BEIJING (Reuters) - Foreign firms and individuals will be allowed to set up limited partnership firms in China from March 2010, a move that could make it easier for some overseas investors to tap the domestic market.
But it remains unclear how far-reaching the rule change, announced on Tuesday, will be. The State Council said it would not apply fully to “investment-oriented” partnerships in China.
“As for venture capital enterprises and private equity funds, we still lack necessary knowledge regarding whether there are big risks, what the risks are and whether strict rules must be adopted,” the cabinet said in a statement explaining the new regulation.
“Relevant sides still have different understandings,” it said.
At present, foreign-invested private equity funds can be structured as limited partnerships through complex offshore platforms, but are required to be structured as corporations or unincorporated entities if investing onshore through yuan-denominated funds.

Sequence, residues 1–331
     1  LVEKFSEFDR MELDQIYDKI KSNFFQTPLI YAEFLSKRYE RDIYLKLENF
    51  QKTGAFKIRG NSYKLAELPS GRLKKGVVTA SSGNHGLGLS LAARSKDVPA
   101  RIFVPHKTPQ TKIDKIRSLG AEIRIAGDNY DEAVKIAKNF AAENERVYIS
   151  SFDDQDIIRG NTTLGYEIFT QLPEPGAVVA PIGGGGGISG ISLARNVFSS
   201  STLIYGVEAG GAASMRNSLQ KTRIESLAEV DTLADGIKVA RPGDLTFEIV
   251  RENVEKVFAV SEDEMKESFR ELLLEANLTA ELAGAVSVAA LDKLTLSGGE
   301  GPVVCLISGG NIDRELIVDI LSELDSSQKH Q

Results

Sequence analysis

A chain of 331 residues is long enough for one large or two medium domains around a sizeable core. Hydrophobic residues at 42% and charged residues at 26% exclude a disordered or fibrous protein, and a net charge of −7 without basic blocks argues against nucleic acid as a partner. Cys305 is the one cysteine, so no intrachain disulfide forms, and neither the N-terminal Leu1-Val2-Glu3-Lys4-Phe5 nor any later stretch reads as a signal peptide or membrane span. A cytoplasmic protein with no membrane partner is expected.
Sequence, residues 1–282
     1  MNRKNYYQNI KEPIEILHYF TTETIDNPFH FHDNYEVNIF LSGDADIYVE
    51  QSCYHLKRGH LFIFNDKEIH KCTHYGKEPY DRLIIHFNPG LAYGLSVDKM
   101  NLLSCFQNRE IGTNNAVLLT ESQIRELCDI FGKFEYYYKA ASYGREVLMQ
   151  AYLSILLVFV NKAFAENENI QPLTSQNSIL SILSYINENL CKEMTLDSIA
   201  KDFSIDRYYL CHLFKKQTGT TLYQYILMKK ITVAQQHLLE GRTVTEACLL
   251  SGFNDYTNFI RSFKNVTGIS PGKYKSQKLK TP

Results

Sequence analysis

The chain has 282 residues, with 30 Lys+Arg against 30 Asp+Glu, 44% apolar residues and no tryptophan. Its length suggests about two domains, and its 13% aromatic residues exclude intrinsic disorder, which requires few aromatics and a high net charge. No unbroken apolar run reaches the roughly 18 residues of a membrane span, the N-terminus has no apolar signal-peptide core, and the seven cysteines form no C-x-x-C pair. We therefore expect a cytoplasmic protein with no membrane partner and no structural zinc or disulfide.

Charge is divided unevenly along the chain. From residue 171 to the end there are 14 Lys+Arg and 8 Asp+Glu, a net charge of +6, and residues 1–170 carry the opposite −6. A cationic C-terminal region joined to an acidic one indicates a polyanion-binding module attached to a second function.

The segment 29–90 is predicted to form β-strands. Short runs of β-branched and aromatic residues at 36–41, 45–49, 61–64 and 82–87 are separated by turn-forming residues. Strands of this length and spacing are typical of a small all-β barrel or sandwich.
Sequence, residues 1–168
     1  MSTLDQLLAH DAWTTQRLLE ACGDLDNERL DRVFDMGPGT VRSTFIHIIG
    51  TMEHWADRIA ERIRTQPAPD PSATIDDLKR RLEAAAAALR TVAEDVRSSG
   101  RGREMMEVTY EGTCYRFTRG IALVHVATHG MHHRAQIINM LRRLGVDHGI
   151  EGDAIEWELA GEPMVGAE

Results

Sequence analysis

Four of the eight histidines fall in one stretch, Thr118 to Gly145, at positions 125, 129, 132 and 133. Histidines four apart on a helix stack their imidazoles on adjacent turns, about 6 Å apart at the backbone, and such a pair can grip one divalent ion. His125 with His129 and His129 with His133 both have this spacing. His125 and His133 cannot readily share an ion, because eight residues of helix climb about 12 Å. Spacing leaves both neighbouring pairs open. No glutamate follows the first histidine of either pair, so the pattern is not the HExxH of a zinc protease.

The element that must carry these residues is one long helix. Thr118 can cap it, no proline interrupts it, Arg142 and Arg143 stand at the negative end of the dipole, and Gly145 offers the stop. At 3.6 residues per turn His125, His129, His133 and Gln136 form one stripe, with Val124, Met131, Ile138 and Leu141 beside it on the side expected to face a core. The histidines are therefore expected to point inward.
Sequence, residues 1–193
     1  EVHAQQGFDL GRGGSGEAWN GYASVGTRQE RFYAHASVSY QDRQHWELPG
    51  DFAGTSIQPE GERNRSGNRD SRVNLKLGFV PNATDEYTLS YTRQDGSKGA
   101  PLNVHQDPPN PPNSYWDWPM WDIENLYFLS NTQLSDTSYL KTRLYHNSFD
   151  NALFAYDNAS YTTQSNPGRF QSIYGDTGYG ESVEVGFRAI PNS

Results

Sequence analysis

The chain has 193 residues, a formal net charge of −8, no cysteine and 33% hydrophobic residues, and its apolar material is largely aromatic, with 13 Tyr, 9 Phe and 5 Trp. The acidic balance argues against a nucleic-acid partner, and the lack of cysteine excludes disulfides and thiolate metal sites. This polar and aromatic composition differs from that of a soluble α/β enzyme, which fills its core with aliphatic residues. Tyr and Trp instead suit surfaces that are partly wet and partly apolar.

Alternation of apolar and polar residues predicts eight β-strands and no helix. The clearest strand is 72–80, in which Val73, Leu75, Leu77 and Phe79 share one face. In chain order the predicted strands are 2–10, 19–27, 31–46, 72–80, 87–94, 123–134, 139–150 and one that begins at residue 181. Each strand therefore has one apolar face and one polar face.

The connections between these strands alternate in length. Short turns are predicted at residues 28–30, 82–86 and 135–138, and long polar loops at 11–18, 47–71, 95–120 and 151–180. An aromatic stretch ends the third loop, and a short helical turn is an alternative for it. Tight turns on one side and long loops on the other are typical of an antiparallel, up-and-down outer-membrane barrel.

Only Chinese investors in onshore yuan funds can opt for the limited partnership structure, which offers tax advantages and caps liability.
Under the new regulation, foreign investors would be permitted to set up limited partnerships in China by themselves or with local partners.
The government added in its announcement that existing rules covering venture capital and private equity funds might still be applied.
Investors are required to contribute capital in the form of “fully convertible currency” or yuan.
Registration of these limited partnerships will take place at the local level and will not need approval from the Ministry of Commerce, it added.
Reporting by Zhou Xin and Simon Rabinovitch; Editing by Jonathan Hopfner